The only thing that's up-to-date about Rush Hour 3 is the way that 53-year-old Jackie Chan shows his age. As Chief Inspector Lee, the sly Hong Kong counterpart to Chris Tucker's motor-mouthed, exhibitionist L.A. cop James Carter, Chan demonstrates how a martial artist can segue into pure entertainer with a little help from his friends. Chan still wrings laughs from outrageous derring-do, but he's more willing than ever to detonate a visual punch line by actually getting punched or by helping Tucker prove (or improve) his slapstick strength. In their set pieces, Chan and Tucker are the Gene Kelly and Frank Sinatra of chop-socky; in their most crowd-pleasing bit, they even sing in a nightclub.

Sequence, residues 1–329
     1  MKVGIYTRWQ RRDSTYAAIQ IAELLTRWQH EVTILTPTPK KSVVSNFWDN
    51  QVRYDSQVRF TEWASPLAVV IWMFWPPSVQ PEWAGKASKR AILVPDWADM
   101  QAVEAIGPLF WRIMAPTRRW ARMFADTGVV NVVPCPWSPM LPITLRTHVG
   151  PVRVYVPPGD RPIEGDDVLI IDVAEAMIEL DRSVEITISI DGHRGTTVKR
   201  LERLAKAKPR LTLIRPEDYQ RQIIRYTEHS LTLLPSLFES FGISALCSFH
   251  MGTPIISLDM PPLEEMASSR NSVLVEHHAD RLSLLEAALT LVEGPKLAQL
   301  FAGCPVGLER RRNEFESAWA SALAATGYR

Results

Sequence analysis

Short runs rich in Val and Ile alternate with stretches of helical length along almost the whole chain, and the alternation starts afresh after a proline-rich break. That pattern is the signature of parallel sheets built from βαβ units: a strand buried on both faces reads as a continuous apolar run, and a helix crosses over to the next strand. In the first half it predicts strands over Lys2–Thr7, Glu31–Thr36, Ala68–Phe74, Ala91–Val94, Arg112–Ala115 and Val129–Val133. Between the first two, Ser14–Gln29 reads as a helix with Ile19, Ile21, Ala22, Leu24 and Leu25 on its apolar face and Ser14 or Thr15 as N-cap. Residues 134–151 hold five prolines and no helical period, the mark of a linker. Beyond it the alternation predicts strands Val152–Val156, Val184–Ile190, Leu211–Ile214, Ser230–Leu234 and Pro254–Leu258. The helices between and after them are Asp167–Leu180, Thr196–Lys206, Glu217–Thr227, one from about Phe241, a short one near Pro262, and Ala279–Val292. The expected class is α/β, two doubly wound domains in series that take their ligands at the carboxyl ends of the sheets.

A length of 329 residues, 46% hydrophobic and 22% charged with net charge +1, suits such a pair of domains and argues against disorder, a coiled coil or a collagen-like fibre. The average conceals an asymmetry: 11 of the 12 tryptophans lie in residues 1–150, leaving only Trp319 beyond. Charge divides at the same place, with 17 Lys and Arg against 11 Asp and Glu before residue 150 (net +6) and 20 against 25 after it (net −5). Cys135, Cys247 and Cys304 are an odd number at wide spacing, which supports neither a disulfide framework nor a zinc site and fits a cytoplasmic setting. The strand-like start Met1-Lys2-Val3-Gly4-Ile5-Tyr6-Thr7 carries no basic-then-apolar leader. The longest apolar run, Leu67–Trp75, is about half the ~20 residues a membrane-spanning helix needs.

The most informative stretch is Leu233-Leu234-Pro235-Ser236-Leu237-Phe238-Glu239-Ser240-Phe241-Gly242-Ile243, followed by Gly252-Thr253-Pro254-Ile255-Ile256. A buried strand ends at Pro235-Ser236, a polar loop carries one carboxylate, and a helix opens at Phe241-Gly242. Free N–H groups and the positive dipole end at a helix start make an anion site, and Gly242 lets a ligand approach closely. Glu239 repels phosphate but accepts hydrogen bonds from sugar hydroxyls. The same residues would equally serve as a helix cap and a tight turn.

The most satisfying fight scenes don't feature duets with Lee and Carter but trios including Jingchu Zhang as Soo Yung, the daughter of Lee's old friend, Chinese Consul Han (Tzi Ma). A sprightly martial-arts expert herself, she and the stars engage in some amusing and adrenaline-pumping hard-knocks choreography, whether Tucker is wielding her body like a club with a kick to it or Chan is using it to extend his own torso and limbs. Chan's expertise makes everything possible; in his scenes with a giant and a knife-thrower, he turns his defensive moves into comic ballet.
Rush Hour 3 (New Line Cinema) Starring Jackie Chan and Chris Tucker. Directed by Brett Ratner. 87 minutes. PG-13.